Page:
Kids Kick Tobacco's Influence During 10th Annual Kick Butts Day
For immediate release
Jason Melancon, TFL
504.301.9841 or email@example.com
Amy B. Ferguson, Keating Magee
504.299.7175 or firstname.lastname@example.org
KIDS KICK TOBACCO’S INFLUENCE DURING 10TH ANNUAL KICK BUTTS DAY
Red wristbands remind children and families of those affected by tobacco-related diseases.
Alexandria, LA, April 11, 2005 – At the end of the day on Wednesday, April 13, 2005, as many as 1,000 area middle schoolers could spill out of buses, carpools and after-school activities sporting red wristbands. But that isn’t as many people as they will honor. As a part of Kick Butts Day events co-sponsored by the Louisiana Campaign for Tobacco-Free Living (TFL) at five Rapides Parish middle schools, the wristbands commemorate the 1,200 people who die each day from tobacco-related diseases. Kick Butts Day, now in its 10th year nationwide, is a youth empowerment event organized by the Campaign for Tobacco-Free Kids.
Rapides Parish Kick Butts Day activities include 30-minute assemblies at each school featuring interactive demonstrations from Central LA AHEC and testimonials from cancer survivors. Each student who participates will receive a red “1200” wristband. Students will be encouraged to wear the wristband to remember a loved one, support someone who is trying to quit using tobacco, or take action against tobacco companies’ targeting of youth.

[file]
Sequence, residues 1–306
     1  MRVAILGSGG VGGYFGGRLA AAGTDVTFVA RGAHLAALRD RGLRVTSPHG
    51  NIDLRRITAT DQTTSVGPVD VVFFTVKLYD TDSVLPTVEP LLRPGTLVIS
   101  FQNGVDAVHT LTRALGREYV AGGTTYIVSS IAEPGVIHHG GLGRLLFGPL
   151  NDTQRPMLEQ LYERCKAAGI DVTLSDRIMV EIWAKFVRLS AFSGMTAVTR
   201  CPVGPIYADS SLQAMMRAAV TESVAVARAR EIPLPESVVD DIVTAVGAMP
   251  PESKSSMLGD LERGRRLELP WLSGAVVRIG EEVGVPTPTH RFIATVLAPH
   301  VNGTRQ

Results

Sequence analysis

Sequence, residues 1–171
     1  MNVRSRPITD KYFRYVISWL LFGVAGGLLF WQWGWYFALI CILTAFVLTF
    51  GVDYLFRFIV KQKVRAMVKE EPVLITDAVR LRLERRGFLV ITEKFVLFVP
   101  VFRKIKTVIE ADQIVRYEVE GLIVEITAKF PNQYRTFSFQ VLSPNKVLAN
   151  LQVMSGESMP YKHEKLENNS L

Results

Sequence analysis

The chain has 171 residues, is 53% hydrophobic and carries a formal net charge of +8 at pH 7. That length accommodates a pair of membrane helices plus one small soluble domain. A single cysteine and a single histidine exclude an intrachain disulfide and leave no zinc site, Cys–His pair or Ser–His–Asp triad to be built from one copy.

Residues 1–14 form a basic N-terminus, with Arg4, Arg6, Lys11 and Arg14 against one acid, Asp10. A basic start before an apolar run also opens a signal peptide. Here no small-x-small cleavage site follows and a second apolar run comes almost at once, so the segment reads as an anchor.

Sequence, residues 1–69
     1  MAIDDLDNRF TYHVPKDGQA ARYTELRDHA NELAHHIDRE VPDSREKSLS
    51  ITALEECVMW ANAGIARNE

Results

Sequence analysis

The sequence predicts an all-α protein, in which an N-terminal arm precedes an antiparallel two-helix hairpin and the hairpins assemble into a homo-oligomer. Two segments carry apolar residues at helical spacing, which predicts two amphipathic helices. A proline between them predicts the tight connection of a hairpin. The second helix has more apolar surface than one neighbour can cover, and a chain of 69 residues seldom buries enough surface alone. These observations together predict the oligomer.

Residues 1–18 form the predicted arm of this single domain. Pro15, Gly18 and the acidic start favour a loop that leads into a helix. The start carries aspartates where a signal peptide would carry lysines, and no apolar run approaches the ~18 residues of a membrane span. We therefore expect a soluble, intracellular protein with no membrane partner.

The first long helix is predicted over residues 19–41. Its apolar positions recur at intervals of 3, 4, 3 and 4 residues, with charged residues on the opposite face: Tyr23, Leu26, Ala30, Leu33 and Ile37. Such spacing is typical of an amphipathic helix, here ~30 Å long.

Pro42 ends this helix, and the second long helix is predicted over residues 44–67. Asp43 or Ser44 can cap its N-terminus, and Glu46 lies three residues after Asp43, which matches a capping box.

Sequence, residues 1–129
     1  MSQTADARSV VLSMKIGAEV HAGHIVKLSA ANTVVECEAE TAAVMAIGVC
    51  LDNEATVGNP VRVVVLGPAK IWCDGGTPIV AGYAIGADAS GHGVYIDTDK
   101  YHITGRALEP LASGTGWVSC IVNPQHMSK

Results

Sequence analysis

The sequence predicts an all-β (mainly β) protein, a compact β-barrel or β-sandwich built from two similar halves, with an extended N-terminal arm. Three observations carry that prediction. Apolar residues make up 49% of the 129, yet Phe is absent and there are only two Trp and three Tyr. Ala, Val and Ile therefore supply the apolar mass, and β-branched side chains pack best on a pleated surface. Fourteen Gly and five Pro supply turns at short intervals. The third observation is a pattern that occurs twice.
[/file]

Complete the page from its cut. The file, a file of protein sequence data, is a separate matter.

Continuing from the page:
“We want students to understand the importance of their choices,” says Monette Fontenot, Alexandria area regional coordinator for TFL. “The tobacco companies have to target them to replace smokers and nonsmokers who die from tobacco-related diseases. And at this age, trying something daring like cigarettes is very tempting. We are trying to arm them to make good choices.” The assemblies, put together by the Alexandria Region Cancer Control Coalition, are also designed to motivate and rally support for smoke-free policies at each school.
Tobacco companies need to recruit 19.4 young smokers each day in Louisiana to replace those who die annually from tobacco-related diseases. But the smokers are not the only ones affected. “We know that children exposed to secondhand smoke are more likely to suffer from asthma, and will have more ear infections, bronchitis and pneumonia. Our efforts will also try to educate families about the dangers of exposing children to secondhand smoke,” says Fontenot.
The Louisiana Campaign for Tobacco-Free Living provides statewide coordination of existing tobacco control initiatives, funds innovative community programming for tobacco control, and develops statewide media campaigns to help reduce the excessive burden of tobacco use on the state’s resources and improve Louisiana’s overall health and quality of life.
Tobacco Fact: On average, children under 11 who are exposed to secondhand smoke have more than twice the level of metabolized nicotine in their blood as nonsmoking adults.